Let me ask three simple questions:
First question: what matters to you? Stop and think about it for a minute. What (or who) is most important? What (or who) is it that you would tell someone matters to you more than anything in the world?
Next question: how much time do you spend on (or with) what (or who) matters most to you?
Last question: how much money do you spend (or invest) in what (or who) matters most to you?
In my free eBook, It’s Not About Money, available to anyone who subscribes to this blog, the last paragraph reads as follows:
Do you want to succeed with money? Do you want to live a life without payments? Do you want to go to work because you WANT to go to work instead of because you MUST go to work? The preceding pages offer only a surface glimpse of what is involved in making personal finance work. The key theme of every personal finance concept, though, is the same – behavior. If you are determined to succeed with your money then your behaviors will reflect it and you will succeed. If you don’t force the issue by doing a budget, monitoring your spending, living on less than you make and being diligent with your priorities, you will fail. I hope you will begin the journey toward personal financial success and recognize that every time you spend a dollar, you’re saying, “this is what is important to me.” Every time you spend a dollar, you are laying down a worthless piece of paper and saying, “this piece of paper is how I show what matters to me.” So I’ll close with a simple question – what matters to you?
I have long seen and understood that most people don’t “put their money where their mouths are,” but especially after seeing some things lately, I believe today I need to encourage you to really spend some time pondering this idea.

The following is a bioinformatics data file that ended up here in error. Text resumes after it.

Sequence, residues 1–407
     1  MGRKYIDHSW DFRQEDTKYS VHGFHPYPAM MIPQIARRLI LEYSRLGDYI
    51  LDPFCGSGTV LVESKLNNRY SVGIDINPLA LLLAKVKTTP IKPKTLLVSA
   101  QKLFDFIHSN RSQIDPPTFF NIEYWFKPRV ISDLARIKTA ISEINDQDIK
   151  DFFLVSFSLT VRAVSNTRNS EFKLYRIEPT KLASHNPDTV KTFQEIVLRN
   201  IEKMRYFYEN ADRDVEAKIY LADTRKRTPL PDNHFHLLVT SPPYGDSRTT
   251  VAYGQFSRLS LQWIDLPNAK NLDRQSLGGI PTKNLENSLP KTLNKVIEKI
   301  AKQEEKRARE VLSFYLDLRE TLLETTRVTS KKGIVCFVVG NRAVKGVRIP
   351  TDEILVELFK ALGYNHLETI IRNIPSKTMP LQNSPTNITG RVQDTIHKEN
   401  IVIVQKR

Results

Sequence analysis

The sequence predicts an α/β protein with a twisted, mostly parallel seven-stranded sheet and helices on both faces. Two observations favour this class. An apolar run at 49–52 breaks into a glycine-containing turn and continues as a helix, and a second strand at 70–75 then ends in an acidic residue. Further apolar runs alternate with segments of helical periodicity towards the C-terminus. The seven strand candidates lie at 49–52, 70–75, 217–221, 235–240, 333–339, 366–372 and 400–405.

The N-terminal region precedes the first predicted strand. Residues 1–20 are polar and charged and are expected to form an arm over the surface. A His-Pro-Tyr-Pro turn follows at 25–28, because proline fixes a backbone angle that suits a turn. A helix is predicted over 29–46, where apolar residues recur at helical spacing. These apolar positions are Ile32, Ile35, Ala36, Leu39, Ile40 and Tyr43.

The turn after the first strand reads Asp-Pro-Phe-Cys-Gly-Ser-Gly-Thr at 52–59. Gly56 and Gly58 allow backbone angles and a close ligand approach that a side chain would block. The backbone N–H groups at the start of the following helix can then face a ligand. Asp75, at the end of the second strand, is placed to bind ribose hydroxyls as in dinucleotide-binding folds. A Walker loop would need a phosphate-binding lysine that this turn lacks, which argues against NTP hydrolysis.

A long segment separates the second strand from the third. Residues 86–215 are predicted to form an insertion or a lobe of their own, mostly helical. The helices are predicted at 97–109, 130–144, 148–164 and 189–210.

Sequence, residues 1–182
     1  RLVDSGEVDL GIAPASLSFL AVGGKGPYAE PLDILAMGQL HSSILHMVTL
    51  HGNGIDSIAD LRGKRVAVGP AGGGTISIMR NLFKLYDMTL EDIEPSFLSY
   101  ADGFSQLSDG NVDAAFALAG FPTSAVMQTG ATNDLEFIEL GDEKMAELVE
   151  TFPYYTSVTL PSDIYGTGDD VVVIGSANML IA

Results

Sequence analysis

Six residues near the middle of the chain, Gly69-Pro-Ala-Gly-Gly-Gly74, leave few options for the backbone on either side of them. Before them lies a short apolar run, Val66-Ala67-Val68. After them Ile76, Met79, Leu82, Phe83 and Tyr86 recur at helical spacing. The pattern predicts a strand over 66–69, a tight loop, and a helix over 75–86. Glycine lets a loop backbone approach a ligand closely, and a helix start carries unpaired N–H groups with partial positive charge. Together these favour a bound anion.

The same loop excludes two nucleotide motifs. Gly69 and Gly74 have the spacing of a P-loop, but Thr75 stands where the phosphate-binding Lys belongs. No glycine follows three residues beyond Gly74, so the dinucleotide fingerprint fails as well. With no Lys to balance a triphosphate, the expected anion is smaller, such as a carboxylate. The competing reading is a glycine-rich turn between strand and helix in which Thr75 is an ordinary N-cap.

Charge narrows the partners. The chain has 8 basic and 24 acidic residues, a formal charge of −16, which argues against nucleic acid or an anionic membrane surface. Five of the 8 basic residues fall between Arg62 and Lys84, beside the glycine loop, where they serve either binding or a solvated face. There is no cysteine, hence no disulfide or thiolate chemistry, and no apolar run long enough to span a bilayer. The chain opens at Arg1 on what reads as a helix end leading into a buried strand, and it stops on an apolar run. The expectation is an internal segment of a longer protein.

In my full-length book, From Debtor to Better: The Details of Debt and How to Get Out!, I go to great lengths to explain how you can live without debt. I go into the detailed mechanics and step-by-step processes necessary to rid yourself of the chains of financial bondage. I spend lots of pages on how you SHOULDN’T spend your money, but I don’t spend many pages telling you how you SHOULD spend it. Today I want to remedy that. I want today’s post to be all about lifting you up, encouraging you and telling you why all this stuff matters instead of telling you all the reasons debt is bad or credit cards or evil…or anything else that might tear you down.
Today’s post is for the person waiting for the collection notices to come in the mail. Today is for the person who knows payday is four days away and there aren’t enough groceries to get there. Today is for the person who hates his job, but can’t quit and find something else because there are too many bills to pay to even miss a single day of work. Today is for you.
Here are some things I believe you need to know:
- You don’t have a job just so you can pay bills. That’s not the point.
- Your attitude toward the problems you face will usually determine how things turn out.
- You can decide to be poor (or rich), remembering poor and poverty are not synonyms. Poor is a state of mind. Poverty is a lack of money.
- You are not defined by your possessions (or lack thereof).
- You are not defined by the neighborhood where you live.
- You are allowed to make mistakes, but you must commit to learn from them.
- It is not the government’s job to take care of your financial needs – they can’t take care of their own needs.
- You are important because God made you.
- You are smarter than you give yourself credit for being.
- You are not allowed to give up.
- Your money is how you tell the world your passions, your dreams, your goals and ultimately, even your day-to-day priorities for life.
- Put your money where your mouth is.